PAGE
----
Wireless Matrix PCB for the 360 questions


Three questions guys.

1. So I have 2 of those early Matrix wireless PCB’s and I want a wireless stick. From what I understand, it is still possible to use this PCB, it’ll just take a little more work.

I checked slagcoin and found the diagram for this PCB:
Xbox 360 wireless (early version)(Matrix?)

Since this isn’t a CG PCB, I originally thought you would have to wire 2 wires per button on the PCB but after studying the diagram, it looks some of the buttons share a ‘common’.

Looking at the signal points for X, B, and Y, notice the letters are labeled in purple while the solder points for the respective X, B, and Y are in blue meaning this is where you get signal. There is also a ‘common’ solder point in purple near the Y signal point. Please tell me my understanding is correct.

X, B, and Y’s signal come from the blue points from the PCB, then go to their arcade buttons where they are shorted and then can be daisy chained (X, B, and Y only) into the purple ‘common’ on the PCB.

If this is true than does that mean I don’t have to run two wires per button on the PCB, instead just daisy chain a specific group of buttons to their respective ‘common’?

2. Also, I read on Xbox scene that the triggers on these PCB’s are independant from the rest of the matrix. So does that mean I could just put a 10k resister between T1 and T3, and then short the arcade button between T1 and T2?

3. Reading around SRK, it looks like alot of people with wireless 360 sticks don’t even use a sync button b/c when you hook up a usb to charge the battery, it automatically sync’s the PCB to the Xbox. Is this true for all wireless 360 PCB’s?

Thanks ahead of time guys, I know I could avoid all of the extra work by going the wired route or even getting a CG wireless controller but I don’t want to spend any more $ plus I think I’m up for the challenge.

Thanks again guys!


I really don’t have answers for 2 and 3, but for 1, your understanding of the drawing is correct. All the blues circles are the signal points, while, like your example, x, b, and y share that same common point.

You certainly could wire it up chaining each group to its respective common. You just have to be a little more careful that things don’t get crossed, or you might end up with unexpected commands.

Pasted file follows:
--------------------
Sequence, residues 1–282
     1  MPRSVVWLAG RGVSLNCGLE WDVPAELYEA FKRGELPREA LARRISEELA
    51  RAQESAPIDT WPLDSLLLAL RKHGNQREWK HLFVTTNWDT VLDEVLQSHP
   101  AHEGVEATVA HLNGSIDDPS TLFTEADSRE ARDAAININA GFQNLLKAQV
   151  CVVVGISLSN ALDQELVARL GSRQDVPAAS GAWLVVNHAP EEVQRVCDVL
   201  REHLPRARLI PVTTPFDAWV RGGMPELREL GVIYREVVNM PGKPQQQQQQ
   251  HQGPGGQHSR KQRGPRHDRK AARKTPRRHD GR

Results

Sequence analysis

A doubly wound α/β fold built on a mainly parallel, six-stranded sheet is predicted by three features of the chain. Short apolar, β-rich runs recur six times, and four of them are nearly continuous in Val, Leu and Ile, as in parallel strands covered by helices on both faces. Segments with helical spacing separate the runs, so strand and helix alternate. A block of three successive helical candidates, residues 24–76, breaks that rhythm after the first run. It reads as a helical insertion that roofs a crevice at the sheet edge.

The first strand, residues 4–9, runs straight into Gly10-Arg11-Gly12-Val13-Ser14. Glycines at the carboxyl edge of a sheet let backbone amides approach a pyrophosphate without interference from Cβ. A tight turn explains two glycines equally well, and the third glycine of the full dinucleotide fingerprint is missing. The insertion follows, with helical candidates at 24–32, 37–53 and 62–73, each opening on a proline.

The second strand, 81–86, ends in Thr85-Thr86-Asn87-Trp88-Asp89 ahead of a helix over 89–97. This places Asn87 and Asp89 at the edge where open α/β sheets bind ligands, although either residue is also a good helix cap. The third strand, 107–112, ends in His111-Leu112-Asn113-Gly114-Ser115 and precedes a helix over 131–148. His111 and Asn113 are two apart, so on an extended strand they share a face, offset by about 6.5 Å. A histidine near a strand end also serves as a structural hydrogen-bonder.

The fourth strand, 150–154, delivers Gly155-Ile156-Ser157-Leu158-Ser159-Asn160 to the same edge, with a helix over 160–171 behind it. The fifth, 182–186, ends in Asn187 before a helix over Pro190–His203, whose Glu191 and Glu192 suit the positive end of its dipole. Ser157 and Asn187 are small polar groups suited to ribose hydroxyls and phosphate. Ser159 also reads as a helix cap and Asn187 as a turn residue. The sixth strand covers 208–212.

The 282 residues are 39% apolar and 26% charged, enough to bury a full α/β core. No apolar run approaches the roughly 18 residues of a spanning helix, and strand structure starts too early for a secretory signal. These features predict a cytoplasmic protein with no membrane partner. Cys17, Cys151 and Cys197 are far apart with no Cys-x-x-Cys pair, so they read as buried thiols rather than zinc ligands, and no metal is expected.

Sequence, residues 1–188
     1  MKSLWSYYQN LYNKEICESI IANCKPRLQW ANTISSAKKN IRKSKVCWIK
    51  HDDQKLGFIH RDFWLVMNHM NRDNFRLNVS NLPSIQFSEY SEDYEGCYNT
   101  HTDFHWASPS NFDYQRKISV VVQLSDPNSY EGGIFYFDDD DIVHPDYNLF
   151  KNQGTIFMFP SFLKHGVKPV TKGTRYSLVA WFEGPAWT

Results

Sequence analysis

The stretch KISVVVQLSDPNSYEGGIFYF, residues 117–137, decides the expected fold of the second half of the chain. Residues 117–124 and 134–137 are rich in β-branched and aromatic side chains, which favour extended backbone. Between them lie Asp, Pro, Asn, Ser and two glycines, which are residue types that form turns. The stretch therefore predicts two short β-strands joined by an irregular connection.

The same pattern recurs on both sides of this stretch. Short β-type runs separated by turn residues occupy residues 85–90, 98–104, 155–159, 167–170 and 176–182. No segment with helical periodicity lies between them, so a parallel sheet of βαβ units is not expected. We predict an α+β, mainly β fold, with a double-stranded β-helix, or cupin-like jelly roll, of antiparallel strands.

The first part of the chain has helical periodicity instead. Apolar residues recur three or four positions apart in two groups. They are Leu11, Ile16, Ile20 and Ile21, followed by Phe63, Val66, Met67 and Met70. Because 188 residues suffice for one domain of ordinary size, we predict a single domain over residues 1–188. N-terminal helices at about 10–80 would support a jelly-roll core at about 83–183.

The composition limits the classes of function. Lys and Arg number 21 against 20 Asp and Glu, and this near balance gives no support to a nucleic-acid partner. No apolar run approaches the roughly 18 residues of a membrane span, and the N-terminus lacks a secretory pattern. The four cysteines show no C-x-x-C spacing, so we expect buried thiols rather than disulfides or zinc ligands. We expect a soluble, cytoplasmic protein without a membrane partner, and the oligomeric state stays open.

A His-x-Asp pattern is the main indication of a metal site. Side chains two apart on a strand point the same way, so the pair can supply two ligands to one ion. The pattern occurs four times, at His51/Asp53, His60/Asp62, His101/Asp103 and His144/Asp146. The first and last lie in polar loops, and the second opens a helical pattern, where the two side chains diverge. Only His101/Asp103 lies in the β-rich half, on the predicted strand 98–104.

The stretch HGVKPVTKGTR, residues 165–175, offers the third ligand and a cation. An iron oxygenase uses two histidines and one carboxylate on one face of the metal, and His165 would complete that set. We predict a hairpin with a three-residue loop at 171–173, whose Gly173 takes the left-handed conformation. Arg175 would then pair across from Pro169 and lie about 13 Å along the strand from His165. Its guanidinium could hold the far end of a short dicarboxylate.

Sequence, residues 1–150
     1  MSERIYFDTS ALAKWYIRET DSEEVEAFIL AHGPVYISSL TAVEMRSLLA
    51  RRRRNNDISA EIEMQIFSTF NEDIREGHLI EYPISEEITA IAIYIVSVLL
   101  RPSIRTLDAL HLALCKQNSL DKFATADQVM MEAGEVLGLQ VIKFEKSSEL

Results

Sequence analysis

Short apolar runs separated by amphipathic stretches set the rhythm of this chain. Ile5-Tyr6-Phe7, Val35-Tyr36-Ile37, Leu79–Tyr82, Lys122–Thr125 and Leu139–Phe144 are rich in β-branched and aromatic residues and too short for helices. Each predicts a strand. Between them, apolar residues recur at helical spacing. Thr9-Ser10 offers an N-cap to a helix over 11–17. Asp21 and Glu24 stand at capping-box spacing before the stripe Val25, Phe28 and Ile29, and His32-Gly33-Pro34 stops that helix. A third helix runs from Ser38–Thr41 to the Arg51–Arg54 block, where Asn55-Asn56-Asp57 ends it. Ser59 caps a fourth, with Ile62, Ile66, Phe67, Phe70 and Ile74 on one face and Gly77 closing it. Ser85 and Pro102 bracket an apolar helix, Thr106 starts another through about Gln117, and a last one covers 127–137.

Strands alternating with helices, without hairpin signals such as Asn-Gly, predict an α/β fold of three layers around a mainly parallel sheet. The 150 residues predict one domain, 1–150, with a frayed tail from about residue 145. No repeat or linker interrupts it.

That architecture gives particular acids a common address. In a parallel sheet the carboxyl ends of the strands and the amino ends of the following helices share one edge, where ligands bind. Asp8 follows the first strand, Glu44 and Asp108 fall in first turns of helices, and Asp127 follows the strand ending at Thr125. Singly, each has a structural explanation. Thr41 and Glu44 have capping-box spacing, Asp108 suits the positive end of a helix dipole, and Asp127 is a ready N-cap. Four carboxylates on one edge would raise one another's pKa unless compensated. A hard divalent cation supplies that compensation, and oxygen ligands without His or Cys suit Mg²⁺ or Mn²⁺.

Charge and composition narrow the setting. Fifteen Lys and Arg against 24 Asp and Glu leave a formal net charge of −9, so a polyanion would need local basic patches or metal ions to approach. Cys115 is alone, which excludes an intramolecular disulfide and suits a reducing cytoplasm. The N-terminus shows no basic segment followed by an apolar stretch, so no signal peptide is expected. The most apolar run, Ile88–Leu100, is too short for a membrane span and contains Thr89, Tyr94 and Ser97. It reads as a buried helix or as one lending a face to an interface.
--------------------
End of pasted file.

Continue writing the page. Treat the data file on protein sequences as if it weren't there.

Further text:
To give a bit of background, here’s a matrix explanation I typed earlier (don’t feel like editing it):
For a quick example, if you had six buttons (let’s call them A-F), then for a common ground setup, you would obviously need six signal wires and a ground wire. But for a matrix, you would only need four wires (let’s call them 1-4)

x 1 2 3 4
1 x A B C
2 A x D E
3 B D x F
4 C E F x

So, you see, if points 1, 2, 3, and 4 are at different voltages, then the difference between each is a button press. So here, you could say that buttons A, B, and C all have the same “ground” because point “1” is common for all those buttons. In the same right, buttons C, E, and F all use the same “signal” because point “4” is common.

  1. Yes.
  2. Yes, RDL’s matrix is very helpful. Follow his little paragraph about which resistor to use.
  3. For mine, I put in a sync button. Its easy, and only 1 extra wire since sync shares a ground.


Ok, if I have to use this matrix PCB, I will. I’m trying to see if anyone I know will trade me their pad b/c I’ve done a CG pad before. Thanks for the help guys


its just some extra soldering, but i can see why you’d rather not want to deal with it. so far i’ve done 1 non-com wired and 1 non-com wireless.


Yeah, I’ve done a CG wired and it came out good, triggers and everything. I don’t have to do the non-CG pad anymore b/c my brother traded controllers with me. Now I’m gonna research the CG wireless :wink:


I’ve got a question about alternate solder points on the early version wireless pad as described in the first question. I’ve done a cg wired, and I’m attempting a wireless with that pad. When i did my first one i messed up a couple solder points on the D-pad, but on slagcoin’s diagram for the wired cg controller it has alternate connection points on the back of the pad. I ended up screwing up again on the new pad, but I can’t for the life of me find a diagram for alternate points. And I really dont want to go and buy a multimeter to test the whole board… Thanks for any help you can offer